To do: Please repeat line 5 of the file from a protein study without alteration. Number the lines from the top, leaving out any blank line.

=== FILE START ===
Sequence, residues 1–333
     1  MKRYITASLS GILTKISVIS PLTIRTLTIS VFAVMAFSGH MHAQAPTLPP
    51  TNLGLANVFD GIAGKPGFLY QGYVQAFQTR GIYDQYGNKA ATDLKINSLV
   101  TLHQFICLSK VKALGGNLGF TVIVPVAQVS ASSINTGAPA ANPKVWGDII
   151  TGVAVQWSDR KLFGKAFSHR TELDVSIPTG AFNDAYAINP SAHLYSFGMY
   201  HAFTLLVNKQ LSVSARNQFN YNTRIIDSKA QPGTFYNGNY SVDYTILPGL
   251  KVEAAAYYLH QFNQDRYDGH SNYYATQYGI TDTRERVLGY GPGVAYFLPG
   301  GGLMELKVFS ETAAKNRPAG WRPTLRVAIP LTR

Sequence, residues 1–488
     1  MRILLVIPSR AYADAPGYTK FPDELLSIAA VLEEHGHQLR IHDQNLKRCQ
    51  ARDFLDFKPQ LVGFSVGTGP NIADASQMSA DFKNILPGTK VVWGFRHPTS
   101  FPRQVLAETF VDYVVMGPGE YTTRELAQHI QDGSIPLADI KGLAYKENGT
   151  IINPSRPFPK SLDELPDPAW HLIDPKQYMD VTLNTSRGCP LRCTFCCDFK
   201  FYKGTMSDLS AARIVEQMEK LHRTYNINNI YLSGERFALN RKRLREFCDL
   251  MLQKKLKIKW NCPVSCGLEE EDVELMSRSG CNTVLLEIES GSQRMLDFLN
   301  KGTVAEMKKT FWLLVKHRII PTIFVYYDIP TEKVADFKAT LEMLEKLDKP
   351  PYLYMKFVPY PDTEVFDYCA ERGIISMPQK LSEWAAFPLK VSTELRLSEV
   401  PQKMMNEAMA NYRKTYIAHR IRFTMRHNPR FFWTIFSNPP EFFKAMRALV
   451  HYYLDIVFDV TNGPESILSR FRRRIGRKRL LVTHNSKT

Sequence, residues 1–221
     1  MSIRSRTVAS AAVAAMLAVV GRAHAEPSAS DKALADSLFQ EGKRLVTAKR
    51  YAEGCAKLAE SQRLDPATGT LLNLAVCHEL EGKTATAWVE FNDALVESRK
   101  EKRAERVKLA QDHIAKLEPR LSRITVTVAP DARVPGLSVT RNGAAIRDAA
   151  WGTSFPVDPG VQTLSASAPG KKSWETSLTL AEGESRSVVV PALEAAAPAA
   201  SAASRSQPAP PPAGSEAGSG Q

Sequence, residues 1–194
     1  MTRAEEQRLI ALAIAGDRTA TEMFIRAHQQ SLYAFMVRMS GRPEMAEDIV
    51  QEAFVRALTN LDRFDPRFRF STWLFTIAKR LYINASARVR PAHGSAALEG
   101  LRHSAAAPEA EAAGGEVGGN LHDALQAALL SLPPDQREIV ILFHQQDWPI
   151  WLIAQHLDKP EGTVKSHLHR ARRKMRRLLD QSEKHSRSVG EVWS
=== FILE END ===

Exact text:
   151  TGVAVQWSDR KLFGKAFSHR TELDVSIPTG AFNDAYAINP SAHLYSFGMY